The Enchanted Circle is a unique result of history and geography. The region enjoys a rich tapestry of peoples and culture. Tourism is the driving economic force for the Enchanted Circle s communities today and they see up to a million visitors annually. We enjoy and love the region so much, have explored so many of its secrets and joys, that we felt obliged and honored to share it with you.

Generally there are two primary routes to get to the Enchanted Circle: 1) from the southwest (Albuquerque or Santa Fe) or 2) from the east, hitting Cimarron into Eagle Nest. If you are coming from Santa Fe for a day trip or longer, you can take the High Road or the Low Road to reach the Enchanted Circle. Which is better? We like going up the High, coming back the Low. The other main entry into the Enchanted Circle is through Cimarron and Eagle Nest on the eastern side of the byway. You cut off on NM 58 west to US 64 west at Cimarron then on to Eagle Nest.

Cities near Taos and the Mileage to the Enchanted Circle Starting at Taos Plaza
From Albuquerque: 135 miles, 2.5 hours. I-25 north to Santa Fe; exit on NM 599 north to bypass Santa Fe; US 285 north to NM 68 north to Taos.
From Breckenridge: 263 miles, 4 hours. CO 9 south to Fairplay; US 285 south and CO 17 south to Alamosa; US 285 south to Tres Piedras; US 64 east to Taos.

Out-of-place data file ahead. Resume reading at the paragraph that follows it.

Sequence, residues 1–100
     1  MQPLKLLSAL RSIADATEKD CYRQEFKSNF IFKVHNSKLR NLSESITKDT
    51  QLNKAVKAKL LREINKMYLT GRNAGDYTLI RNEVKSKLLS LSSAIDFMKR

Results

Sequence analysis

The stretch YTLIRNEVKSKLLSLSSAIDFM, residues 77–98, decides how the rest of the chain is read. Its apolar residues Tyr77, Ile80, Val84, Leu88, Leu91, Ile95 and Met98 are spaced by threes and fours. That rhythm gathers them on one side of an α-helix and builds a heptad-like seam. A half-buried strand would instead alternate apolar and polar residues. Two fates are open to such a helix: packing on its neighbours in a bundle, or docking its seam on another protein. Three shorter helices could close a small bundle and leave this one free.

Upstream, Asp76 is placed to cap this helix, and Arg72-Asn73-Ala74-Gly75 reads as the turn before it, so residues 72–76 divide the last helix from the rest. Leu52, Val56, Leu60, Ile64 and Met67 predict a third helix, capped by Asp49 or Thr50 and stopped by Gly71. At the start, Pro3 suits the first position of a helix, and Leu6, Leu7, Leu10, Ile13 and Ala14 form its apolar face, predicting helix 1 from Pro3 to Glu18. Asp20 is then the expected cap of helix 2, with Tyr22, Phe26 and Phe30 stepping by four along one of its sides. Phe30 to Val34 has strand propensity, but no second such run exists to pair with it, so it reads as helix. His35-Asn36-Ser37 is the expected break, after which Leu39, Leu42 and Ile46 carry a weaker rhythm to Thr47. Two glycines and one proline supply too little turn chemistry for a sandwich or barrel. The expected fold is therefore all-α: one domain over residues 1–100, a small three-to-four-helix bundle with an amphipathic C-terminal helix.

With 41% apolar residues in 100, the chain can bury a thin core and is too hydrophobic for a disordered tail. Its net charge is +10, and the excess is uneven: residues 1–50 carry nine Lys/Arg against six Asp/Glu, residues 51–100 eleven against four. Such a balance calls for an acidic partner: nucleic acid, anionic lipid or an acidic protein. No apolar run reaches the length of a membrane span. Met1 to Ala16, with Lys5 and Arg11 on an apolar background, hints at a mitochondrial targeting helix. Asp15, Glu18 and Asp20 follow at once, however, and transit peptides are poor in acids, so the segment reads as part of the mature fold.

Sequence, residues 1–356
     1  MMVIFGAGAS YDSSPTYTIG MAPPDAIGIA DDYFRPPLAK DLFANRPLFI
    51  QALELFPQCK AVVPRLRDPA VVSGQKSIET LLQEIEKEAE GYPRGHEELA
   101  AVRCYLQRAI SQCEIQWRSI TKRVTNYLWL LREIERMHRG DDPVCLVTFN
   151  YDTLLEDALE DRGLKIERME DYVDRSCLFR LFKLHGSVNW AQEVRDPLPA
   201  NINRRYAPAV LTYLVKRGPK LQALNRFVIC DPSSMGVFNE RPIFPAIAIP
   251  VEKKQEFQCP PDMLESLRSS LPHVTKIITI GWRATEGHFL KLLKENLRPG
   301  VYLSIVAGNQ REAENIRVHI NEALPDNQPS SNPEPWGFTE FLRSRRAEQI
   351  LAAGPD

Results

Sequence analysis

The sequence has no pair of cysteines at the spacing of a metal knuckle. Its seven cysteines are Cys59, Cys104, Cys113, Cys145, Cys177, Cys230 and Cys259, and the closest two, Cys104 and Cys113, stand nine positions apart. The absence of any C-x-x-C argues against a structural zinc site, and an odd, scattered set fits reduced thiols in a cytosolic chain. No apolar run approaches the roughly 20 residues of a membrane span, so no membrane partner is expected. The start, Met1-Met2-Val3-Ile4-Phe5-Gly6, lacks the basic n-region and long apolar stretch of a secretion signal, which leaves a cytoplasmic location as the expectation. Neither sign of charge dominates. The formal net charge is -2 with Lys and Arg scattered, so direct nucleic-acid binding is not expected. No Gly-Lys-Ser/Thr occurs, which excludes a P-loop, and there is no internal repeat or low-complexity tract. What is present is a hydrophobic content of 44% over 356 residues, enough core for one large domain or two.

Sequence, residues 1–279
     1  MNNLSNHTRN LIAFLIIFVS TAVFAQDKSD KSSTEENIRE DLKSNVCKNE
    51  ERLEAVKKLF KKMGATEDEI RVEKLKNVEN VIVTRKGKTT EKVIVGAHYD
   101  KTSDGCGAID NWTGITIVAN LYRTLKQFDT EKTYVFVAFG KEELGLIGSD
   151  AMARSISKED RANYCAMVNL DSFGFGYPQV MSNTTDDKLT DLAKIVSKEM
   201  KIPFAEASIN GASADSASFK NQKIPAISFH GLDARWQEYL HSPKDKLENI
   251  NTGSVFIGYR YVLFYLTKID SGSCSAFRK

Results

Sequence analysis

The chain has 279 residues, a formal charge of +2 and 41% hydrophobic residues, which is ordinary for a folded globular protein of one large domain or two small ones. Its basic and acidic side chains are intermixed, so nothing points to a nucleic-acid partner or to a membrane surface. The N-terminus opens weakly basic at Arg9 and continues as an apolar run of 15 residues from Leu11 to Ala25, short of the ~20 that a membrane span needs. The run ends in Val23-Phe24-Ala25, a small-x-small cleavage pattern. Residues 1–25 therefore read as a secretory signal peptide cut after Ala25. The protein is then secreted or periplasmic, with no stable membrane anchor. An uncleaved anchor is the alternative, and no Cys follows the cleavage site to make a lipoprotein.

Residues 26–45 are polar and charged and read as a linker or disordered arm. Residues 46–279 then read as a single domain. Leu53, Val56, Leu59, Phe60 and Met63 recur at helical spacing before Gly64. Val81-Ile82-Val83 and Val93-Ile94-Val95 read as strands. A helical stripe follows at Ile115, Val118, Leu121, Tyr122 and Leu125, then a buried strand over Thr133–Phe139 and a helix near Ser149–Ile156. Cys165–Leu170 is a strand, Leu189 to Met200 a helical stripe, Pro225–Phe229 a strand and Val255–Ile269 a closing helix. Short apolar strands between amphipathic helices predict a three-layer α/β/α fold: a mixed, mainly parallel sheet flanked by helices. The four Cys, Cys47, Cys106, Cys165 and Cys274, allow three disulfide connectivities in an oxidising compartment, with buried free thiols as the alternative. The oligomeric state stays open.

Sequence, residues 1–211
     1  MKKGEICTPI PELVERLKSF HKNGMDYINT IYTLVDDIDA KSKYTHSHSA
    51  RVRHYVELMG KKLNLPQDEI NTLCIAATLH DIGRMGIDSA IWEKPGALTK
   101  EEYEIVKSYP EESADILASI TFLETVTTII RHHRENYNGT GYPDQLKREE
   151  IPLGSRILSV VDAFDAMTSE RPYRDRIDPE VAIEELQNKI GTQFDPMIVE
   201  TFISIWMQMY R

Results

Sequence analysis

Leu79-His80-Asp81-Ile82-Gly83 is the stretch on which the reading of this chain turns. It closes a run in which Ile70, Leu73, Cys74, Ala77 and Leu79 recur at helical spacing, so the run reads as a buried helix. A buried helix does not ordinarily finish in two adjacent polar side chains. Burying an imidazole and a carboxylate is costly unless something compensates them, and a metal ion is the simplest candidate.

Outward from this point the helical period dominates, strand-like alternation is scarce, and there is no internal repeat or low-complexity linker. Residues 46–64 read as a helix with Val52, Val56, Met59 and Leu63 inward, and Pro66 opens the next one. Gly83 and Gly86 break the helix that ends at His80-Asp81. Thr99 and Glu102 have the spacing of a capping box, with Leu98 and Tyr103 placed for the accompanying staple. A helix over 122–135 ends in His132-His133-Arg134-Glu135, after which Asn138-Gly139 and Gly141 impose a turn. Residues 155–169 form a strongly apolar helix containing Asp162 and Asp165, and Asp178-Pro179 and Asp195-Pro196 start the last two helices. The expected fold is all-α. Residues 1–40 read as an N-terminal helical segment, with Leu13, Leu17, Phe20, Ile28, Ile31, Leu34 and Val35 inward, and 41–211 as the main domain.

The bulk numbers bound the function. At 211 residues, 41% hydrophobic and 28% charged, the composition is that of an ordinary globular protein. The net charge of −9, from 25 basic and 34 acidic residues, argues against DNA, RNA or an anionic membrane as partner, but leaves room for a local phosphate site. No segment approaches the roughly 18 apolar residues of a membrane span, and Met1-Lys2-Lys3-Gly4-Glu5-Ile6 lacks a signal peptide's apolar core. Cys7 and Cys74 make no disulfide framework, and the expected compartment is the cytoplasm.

From Crested Butte: 271 miles, 4.5 hours. CO 135 south to Gunnison; US 50 east to US 285 south to CO 17 south to Alamosa; US 285 south to Tres Piedras; US 64 east to Taos.
From Denver: 300 miles, 4.5 hours. I-25 south to Colorado Springs to Walsenburg; US 160 west to Fort Garland; CO 159 south and NM 522 south to Taos.
From Durango: 208 miles, 3.25 hours. US 160 east to Pagosa Springs; US 84 east to Chama; CO 17 south to Antonito; US 285 south to Tres Piedras; US 64 east to Taos.
From Vail: 276 miles, 4.5 hours. I-70 east to Copper Mountain; CO 91 south to Leadville; US 24 east and CO 17 south to Alamosa; US 285 south to Tres Piedras; US 64 east to Taos.
From Amarillo: 302 miles, 4.5 hours. I-40 west to Clines Corners; US 285 north to I-25 south to Santa Fe; US 84/285 to NM 68 north to Taos.
-from taos.org/plan-your-trip/getting-around/
This mile-by-mile chart is to be used as you plan your driving trip around the Enchanted Circle starting with Taos Plaza intersection as your genesis. Set your mileage counter at zero and you ll be able follow the chart along your route.
Ground Zero TAOS PLAZA intersection
Kit Carson Park
Split to Taos Pueblo on the right, but stay left (north) on NM 522
Taos Pueblo entrance right (east) on Hail Creek Road. This is a second entrance to the Taos Pueblo. You ll see the smoke shop just off the road to your left when you turn.